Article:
Summary of Gulliver’s Travels Part 4 Chapter 10

The narrator’s economy and happy life, among the Houyhnhnms, his great improvement in virtue by conversing with them and their conversations are described. The narrator is given notice by his master that he must depart from the country. He falls into a swoon from grief; but submits. He contrives and finishes a canoe with the help of a fellow-servant, and puts it to sea.

Gulliver was absolutely content living in the Land of the Houyhnhnms. A room had been made for Gulliver, and he had furnished it well. He also made new clothes for himself and settled into life with the Houyhnhnms quite easily. Gulliver had several friends among the Houyhnhnms. At times, his master allowed him to remain when his friends came. At others, he was taken along when his master went visiting. He began to think of his friends and family back home as Yahoos.

Gulliver’s admiration of the Houyhnhnms led him to imitate their gait and gesture, which had now grown into a habit. In fact, he was proud that the Houyhnhnms sometimes said that he trotted like a horse.

However, one morning, he was called by his master and told that others had taken offense at his being kept in the house as a Houyhnhnm. They had voted that Gulliver must go away. They were worried that such a smart Yahoo might encourage the other Yahoos to rise in rebellion and kill the Houyhnhnm’s cattle. Gulliver’s master had no choice but to ask Gulliver to leave. Gulliver was heartbroken to hear that he was to be banished, so much so, that he actual fainted. However, he accepted his fate and built a canoe with the help of the sorrel nag. Gulliver explored the coast with his telescope and found a small island, about three and a half miles away, which he could reach in his boat. Finally, when the day came for Gulliver to leave, Gulliver’s master and his whole family came to see him off. Gulliver cried and kissed the hoof of his master and departed from the island.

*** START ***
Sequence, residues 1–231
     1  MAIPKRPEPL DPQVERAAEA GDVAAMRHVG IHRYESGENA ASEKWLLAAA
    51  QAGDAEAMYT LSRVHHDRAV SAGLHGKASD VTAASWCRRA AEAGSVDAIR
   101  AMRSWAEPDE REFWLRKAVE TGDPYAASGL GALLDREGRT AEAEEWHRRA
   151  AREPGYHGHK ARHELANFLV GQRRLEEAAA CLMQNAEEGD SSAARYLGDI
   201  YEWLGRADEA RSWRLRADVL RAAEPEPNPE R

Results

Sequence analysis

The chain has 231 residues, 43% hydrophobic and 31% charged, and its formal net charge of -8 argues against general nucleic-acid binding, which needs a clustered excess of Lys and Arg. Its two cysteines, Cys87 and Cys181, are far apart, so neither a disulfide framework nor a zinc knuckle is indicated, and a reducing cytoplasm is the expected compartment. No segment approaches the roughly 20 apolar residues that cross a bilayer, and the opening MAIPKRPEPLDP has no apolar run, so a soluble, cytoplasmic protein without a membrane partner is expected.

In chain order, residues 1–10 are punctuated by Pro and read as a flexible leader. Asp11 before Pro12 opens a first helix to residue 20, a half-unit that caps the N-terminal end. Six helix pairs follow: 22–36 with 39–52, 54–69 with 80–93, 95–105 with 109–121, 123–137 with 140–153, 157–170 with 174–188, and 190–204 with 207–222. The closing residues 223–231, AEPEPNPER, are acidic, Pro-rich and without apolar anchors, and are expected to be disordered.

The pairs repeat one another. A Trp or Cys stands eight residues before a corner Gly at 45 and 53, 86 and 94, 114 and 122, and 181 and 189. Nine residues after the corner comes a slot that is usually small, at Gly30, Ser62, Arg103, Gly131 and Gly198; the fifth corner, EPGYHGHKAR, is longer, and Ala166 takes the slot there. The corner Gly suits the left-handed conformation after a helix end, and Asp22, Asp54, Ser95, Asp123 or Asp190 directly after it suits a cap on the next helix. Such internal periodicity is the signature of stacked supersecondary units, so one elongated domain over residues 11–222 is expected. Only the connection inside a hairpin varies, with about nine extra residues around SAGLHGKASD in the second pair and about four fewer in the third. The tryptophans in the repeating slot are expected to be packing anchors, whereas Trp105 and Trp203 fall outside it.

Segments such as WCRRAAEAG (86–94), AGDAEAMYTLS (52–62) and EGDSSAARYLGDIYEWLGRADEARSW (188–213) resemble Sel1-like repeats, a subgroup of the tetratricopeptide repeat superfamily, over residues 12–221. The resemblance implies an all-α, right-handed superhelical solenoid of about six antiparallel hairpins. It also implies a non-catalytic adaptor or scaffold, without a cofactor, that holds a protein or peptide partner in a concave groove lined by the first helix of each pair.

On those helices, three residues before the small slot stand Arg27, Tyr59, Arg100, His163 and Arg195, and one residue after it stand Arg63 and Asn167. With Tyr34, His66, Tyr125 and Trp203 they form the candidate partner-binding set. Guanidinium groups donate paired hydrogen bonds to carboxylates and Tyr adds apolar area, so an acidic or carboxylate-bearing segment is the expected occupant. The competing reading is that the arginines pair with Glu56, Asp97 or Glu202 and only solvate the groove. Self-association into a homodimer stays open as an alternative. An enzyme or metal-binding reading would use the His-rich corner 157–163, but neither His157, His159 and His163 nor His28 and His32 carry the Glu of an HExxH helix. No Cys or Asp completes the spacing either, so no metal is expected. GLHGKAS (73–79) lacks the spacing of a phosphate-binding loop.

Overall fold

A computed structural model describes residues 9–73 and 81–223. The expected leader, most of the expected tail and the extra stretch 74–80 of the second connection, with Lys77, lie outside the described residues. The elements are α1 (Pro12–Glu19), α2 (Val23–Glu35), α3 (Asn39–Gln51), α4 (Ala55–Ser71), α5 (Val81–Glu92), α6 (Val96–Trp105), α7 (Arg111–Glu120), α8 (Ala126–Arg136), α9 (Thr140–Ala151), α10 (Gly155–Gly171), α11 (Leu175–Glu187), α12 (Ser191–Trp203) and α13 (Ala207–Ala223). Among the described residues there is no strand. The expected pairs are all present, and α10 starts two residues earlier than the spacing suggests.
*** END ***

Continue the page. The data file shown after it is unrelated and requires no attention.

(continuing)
Summary of Gulliver’s Travels Part 4 Chapter 11

The narrator’s dangerous voyage is described. He arrives at New Holland, hoping to settle there, but is wounded with an arrow by one of the natives. He is seized and carried by force into a Portuguese ship. The narrator arrives in England.